Others would revert to a child-like state, wondering about their parents, about school, and about family and friends they hadn't seen in a long time.

I often wondered why their minds chose to wander to a certain event or time period and leave them stranded there before the end of their life. Was an emotionally salient event reinforcing itself in their memories?

Was their subconscious trying to reconnect with people from their past? All I could do was agree and follow their lead because the last thing I wanted to do was break their pleasant memory.

I felt honored to be able to spend time with them, but I couldn't shake the feeling that I was intruding on their final moments, moments that might be better spent with family and loved ones. I didn't know them in their life, so I wondered how they benefited from my presence in their death.

However, after learning that several of the patients I visited didn't have anyone to come to see them, I began to cherish every moment spent, whether it was in laughter or in tears. Several of the patients never remembered me. Each week, I was a new person, and each week they had a different variation of the same story that they needed to tell me.

In a way, it might have made it easier to start fresh every week rather than to grow attached to a person they would soon leave.

Usually, the stories were light-hearted.

They were reliving a memory or experiencing life again as if it were the first time, but as the end draws nearer, a drastic shift in mood and demeanor is evident.

A patient who was once friendly and jolly can quickly become quiet, reflective, and despondent. I've seen patients break down and cry, not because of their current situation, but because they were mourning old ones. These times taught me a lot about how to be just what that person needs towards the end of their life.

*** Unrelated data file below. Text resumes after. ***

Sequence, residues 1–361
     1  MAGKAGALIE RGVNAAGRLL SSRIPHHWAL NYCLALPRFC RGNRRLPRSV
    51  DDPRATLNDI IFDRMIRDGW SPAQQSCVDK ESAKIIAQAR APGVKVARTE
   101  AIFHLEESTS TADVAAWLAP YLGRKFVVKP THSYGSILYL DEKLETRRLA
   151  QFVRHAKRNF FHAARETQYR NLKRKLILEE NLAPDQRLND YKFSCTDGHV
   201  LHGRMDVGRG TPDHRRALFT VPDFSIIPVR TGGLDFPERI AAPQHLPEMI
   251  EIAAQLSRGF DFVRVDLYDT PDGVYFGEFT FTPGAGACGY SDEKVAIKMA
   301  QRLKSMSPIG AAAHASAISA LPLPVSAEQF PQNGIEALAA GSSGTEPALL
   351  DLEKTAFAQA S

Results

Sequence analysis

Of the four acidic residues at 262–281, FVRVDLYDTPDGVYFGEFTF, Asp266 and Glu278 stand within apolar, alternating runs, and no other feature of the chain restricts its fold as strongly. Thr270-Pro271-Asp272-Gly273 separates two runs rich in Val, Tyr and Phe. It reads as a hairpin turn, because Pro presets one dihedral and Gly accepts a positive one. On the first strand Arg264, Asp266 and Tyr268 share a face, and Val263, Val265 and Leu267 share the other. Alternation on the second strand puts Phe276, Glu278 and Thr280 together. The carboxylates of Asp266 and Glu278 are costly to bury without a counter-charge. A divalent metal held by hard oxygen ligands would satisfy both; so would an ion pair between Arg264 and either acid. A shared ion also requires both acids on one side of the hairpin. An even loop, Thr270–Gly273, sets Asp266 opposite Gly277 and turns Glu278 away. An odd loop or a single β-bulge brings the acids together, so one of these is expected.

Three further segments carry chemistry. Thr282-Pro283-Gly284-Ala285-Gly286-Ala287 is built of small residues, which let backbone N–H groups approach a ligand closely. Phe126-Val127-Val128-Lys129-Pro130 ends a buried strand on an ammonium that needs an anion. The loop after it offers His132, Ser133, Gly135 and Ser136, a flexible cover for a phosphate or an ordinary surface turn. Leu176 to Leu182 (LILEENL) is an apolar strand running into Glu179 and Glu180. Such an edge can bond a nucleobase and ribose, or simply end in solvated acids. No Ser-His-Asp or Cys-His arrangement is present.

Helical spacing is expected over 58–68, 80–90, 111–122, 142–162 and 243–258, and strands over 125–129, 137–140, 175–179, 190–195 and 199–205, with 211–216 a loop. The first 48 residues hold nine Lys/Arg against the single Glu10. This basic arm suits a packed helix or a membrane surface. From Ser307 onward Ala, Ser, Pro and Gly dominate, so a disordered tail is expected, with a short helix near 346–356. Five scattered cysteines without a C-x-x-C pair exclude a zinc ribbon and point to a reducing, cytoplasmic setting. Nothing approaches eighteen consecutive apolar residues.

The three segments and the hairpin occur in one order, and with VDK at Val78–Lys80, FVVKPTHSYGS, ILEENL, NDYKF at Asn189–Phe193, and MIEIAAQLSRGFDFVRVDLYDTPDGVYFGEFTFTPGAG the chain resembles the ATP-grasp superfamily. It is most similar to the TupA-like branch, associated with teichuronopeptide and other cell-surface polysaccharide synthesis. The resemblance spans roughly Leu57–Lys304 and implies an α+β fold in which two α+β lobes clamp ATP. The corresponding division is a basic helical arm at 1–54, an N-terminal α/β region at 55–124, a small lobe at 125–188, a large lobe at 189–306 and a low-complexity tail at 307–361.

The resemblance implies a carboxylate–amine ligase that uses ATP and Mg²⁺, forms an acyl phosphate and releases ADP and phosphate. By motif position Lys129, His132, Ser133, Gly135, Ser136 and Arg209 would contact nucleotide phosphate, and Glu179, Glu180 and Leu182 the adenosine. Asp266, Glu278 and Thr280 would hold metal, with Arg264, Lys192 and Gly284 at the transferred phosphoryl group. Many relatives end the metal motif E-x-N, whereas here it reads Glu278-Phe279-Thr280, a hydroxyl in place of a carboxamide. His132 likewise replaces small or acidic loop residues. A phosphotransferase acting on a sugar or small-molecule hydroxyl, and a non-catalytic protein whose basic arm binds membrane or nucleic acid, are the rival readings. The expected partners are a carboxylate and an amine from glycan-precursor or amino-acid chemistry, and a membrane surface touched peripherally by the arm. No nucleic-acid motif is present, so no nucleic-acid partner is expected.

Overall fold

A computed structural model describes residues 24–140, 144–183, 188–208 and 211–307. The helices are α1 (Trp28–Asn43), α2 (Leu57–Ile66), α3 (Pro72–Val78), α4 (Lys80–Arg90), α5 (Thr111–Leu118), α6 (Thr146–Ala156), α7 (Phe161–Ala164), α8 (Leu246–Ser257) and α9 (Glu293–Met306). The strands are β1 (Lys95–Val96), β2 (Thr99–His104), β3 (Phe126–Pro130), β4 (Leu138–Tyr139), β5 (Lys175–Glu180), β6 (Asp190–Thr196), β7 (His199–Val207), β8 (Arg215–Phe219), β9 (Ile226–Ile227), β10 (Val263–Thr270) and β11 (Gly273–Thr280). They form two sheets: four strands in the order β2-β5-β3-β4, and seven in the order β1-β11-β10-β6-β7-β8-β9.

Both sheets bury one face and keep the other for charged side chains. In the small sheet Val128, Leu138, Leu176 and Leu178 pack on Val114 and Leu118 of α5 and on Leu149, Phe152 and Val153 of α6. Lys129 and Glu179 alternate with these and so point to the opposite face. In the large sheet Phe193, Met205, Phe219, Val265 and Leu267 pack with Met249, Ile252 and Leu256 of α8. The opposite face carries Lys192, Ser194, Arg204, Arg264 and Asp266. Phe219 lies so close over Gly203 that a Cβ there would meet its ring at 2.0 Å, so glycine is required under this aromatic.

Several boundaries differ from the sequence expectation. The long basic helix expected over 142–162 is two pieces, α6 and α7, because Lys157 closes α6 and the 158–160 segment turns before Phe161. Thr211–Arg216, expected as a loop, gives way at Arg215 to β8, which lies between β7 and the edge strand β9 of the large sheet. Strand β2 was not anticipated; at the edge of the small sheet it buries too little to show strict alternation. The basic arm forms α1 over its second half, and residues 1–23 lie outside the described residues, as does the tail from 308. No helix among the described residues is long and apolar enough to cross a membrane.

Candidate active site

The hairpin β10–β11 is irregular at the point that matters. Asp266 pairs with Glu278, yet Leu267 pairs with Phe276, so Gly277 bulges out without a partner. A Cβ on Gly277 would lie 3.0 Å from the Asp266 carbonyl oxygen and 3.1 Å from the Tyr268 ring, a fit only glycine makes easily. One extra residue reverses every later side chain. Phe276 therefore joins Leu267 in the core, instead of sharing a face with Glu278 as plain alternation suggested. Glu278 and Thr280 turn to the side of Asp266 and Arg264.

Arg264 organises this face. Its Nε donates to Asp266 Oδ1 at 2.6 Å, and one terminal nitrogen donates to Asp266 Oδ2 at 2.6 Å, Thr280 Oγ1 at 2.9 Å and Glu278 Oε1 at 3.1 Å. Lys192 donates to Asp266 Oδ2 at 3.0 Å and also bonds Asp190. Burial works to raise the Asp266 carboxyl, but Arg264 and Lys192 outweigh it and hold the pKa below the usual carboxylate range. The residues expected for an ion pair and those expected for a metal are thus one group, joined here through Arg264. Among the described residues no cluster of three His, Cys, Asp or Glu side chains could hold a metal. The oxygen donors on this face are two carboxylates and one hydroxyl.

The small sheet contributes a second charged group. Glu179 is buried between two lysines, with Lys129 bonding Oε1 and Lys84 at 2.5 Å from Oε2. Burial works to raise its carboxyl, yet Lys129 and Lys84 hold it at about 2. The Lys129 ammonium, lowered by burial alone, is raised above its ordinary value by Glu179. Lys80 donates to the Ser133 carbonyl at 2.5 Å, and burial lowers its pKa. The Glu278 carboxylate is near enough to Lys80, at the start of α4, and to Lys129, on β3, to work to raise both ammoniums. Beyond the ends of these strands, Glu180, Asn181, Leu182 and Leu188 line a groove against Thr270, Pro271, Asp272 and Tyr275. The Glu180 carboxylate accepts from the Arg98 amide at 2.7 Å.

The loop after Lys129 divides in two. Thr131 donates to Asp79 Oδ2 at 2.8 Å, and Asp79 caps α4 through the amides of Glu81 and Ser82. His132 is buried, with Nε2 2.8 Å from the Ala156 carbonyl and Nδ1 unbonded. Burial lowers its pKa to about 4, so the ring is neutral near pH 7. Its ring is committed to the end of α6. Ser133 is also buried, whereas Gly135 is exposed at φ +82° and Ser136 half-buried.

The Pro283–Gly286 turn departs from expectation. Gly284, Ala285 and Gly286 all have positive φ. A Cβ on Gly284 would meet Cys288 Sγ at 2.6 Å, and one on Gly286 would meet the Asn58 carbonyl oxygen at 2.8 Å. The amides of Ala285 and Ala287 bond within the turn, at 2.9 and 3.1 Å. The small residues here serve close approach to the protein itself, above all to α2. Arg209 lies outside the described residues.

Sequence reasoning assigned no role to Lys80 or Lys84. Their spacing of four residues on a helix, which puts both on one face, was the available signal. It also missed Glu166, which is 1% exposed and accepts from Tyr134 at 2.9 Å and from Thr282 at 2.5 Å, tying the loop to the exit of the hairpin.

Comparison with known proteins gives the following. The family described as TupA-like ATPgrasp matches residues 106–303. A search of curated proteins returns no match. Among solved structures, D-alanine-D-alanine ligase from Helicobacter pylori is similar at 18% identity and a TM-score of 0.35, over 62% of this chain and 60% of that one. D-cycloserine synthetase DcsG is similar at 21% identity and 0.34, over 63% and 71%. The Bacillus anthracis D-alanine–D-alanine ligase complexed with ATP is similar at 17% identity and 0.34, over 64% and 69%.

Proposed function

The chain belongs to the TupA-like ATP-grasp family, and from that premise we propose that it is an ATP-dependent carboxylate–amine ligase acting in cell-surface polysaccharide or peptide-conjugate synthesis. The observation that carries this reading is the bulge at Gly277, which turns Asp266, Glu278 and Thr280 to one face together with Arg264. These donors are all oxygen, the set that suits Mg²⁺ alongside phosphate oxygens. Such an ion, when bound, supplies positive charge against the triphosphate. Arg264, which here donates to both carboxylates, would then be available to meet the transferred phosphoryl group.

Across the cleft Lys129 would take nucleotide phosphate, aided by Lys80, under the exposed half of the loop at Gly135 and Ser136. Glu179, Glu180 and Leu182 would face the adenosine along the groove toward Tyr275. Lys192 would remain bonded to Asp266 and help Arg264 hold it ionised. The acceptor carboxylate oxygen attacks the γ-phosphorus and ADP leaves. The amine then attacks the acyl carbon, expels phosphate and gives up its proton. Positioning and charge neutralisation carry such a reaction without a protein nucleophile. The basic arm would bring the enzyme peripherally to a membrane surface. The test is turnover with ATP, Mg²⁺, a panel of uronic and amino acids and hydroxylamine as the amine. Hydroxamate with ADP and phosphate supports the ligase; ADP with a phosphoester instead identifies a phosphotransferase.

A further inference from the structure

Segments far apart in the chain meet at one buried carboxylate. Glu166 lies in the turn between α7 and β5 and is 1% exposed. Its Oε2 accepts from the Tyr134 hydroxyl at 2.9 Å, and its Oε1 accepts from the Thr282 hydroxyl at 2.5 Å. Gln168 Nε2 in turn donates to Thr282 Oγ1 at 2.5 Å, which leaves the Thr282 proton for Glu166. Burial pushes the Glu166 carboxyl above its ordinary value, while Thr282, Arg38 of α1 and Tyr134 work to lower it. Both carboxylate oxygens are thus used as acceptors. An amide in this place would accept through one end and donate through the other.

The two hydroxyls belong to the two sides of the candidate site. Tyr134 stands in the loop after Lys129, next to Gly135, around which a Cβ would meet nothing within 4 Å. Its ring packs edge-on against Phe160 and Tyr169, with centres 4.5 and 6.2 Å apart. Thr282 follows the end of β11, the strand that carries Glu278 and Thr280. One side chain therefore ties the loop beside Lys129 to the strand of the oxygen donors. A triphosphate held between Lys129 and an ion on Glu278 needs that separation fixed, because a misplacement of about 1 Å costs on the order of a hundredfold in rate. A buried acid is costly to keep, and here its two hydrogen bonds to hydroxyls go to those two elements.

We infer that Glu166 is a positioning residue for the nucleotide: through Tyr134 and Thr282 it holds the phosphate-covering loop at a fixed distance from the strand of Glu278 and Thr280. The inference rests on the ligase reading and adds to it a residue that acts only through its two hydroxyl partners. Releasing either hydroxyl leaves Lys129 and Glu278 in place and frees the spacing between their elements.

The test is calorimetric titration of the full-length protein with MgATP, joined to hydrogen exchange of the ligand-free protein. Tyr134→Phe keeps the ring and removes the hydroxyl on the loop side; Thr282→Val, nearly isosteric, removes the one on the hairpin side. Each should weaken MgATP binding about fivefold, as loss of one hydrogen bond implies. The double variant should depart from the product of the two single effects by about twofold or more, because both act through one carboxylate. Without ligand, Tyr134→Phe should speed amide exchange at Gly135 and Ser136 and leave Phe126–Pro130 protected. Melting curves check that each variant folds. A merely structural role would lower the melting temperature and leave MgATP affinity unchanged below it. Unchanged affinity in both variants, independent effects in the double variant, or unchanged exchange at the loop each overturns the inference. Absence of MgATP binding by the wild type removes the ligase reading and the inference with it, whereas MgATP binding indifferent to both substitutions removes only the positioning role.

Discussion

I didn't need to understand why they were upset or what they wanted to say.

The somber tone and tired eyes let me know that what they had to say was important and worth hearing. What mattered most is that someone who cared was there to hear it.

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My First College Gal Pal Road Trip Was Amazing

Every girl should have one good girls trip.

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In some way or another, everybody has a list of things they want to do in their lives before it's all over. After all, we're human. There's adventure to be had in every life. One thing I have always wanted to do before I grew too old and grey was go on a road trip with my gal pals to the beach. A couple weeks ago, I achieved this memorable milestone, and it allowed me to open up to new surroundings and experiences.

On this trip, I went with two of my friends from college, Kait and Lindsey, to visit my roommate Elizabeth in Virginia Beach. This was pretty big for Lindsey and I because neither of us had been to Virginia Beach before. Thankfully Elizabeth and Kait knew their way around the city, so we never got lost on our way to and fro.

Like most vacations, my favorite parts probably took place at the beach. I'm always at utter peace stomping through mushy sand or leaning down to splash the salty water that tries to knock my short self over. We took pictures and did something us college girls rarely have time to do especially in school: Relax.

The four of us did not live up to the crazed stereotype of girl trips in movies. Although I finally got a chance to sing along to Taylor Swift in a car ride with my friends, so that's always a plus. We played "Top Golf" one day, and by some miracle, I actually won the second game by a fair amount after much humiliation in the first one. We visited some of Elizabeth's family, and I finally got to meet her giant dog Apollo (I call him 'Wolf Dog'). Everyday was another chance to ask with enthusiasm: "So what are we doing today?"

Our trip wasn't like the movies where we all cried or confessed our deepest darkest secrets. Everything the four of us shared was laughter and this calm feeling of being at home, in the chaotic peace of each other's company. We understand each other a little better due to finally seeing what we're like outside of Longwood University. After this, all I can say is that we're most definitely planning the next one!